Your tests should be based on questions that you need to know the answer to
Marketing testing plan
Testing is a word that we fundraisers and marketers use a lot, but I don’t see a lot of robust testing plans and I don’t see a lot of re-testing of the same thing.
We can test
- call to actions and asks
- and we can test a platform or journey or conversion funnel.
Testing to answer a question
But for me, testing is about having a question you want to have answered. And having an idea of what you would do if you knew the answer to the question.
Test with a purpose, not just because.
And only test one thing at a time – otherwise you can’t know what element it was that delivered the uplift or downturn in results.
Fundraisers love to test, but I see a lot of charities that run ‘A Test’, and if the test doesn’t work, they’re quite quick to abandon a strategy. Rather than revisit the strategy and critically analyse it to see if the strategy was the problem, or the story, or the process?
If a new project, program or approach is tested and doesn’t work, often suppliers are blamed (we didn’t have the right telemarketing partner) or the timing was wrong (we were too slow getting our program out and missed the boat) or it was a brand awareness issue (there were bigger brands in market that can’t compete with). And perhaps these things are all true, but there is likely some other reasons why the people you did reach, chose not to convert. Have you tested the value proposition, the story and its emotional impact or the ease of your experience?
Testing is a long term strategy that should be planned.
Of course you can test on the fly when you have an idea or concept you want to prove or deny, but when you do this it should feed into the bigger plan of what you need to achieve.
Create a test plan
1. What questions do you have, that you don’t know the answer to?
i.e. Does a colour image get better click through rates than a black and white image?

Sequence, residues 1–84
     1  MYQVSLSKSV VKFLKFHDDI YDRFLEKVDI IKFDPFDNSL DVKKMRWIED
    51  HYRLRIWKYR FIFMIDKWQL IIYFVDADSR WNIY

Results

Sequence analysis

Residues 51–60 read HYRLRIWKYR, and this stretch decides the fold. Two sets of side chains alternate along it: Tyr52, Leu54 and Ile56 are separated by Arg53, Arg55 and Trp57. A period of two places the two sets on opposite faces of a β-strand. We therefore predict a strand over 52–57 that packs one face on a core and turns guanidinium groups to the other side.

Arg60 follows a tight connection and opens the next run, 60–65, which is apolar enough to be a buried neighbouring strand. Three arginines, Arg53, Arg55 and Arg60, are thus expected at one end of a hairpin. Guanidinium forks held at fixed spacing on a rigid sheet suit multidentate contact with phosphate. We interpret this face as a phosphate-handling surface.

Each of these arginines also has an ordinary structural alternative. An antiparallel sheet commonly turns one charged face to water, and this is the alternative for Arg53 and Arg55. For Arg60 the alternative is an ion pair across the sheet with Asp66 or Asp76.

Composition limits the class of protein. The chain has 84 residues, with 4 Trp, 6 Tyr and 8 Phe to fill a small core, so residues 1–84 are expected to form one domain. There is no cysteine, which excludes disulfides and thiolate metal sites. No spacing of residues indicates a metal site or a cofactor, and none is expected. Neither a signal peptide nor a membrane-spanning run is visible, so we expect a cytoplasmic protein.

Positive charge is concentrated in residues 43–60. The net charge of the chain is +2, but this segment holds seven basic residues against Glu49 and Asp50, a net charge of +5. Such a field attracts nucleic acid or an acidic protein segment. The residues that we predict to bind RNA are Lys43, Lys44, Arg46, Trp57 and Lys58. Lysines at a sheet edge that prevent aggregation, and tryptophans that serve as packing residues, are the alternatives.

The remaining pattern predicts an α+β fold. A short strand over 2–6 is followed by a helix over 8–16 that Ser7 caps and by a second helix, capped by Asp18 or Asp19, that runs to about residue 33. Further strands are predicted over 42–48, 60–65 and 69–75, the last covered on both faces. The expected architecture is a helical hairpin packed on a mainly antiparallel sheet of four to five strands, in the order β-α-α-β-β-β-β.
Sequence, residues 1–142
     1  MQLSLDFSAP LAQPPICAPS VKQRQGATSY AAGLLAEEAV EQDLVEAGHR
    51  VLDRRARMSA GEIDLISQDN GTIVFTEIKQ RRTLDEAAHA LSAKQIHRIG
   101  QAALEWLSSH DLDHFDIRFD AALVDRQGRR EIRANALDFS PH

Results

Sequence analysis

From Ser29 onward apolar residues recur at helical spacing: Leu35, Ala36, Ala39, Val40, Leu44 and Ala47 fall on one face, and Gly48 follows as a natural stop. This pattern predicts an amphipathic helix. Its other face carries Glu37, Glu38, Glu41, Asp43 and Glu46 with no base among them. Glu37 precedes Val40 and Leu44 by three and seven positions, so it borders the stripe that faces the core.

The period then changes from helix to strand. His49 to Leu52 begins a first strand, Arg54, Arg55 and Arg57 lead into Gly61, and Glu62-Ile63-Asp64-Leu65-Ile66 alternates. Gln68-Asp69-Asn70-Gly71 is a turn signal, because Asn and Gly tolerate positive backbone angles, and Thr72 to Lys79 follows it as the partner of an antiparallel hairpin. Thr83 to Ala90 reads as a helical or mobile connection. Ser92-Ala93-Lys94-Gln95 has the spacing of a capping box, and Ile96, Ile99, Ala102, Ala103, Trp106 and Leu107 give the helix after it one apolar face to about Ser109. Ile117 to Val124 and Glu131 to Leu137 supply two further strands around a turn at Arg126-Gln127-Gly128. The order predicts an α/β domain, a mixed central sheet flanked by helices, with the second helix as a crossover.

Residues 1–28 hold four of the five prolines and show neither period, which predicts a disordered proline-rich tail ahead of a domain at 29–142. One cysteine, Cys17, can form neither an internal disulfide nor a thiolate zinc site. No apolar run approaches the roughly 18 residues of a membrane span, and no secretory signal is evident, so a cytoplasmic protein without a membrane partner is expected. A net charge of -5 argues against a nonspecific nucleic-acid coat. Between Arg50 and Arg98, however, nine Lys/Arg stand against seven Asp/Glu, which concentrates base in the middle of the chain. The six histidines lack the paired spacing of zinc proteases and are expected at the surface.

Do stronger Click Through Rate (CTR%) correlate to a better conversion rate (CR%)?
2. What elements do you need to test to answer your questions?
How many tests do you need to run to answer your question?
Is it volume of responses? Or number of tests? Or % of people/ database?
3. How do you conduct these tests?
- AB Split test
- At channel/ source
- At point of Conversion
- Content or functionality
- Segment test
- Same Content, different audience
- Same Audience, different content
- Dynamic content tests
- Timing of messages
- Frequency of communications
4. Reporting and measuring your test
- What is the benchmark we need to decide if the success is positive or negative?
- What do the results tell us?
- How do results compare to expectations?
- How are we going respond to what we’ve learned?
- Do we have enough information?
5. What is our new testing plan?
What learnings did we get from how we planned our last tests. Will we do it differently?
Test often, but have a plan
Testing should be encouraged to force us to think differently and challenge what we think we know.
Digital changes every year – what works now, won’t work in 2 years.
But we need to have a set of questions we need answers to, rather than randomly testing and hoping insights will drop into our laps. Because when you’ve been doing something a long time, we can often make a pretty accurate educated guess.
So our testing needs to tell us something our experience doesn’t.
Next time you hear yourself or someone else say “we should test that”, smile and ask them politely,
“what question will it answer for you? And if you knew the answer now, what would you do with that information?”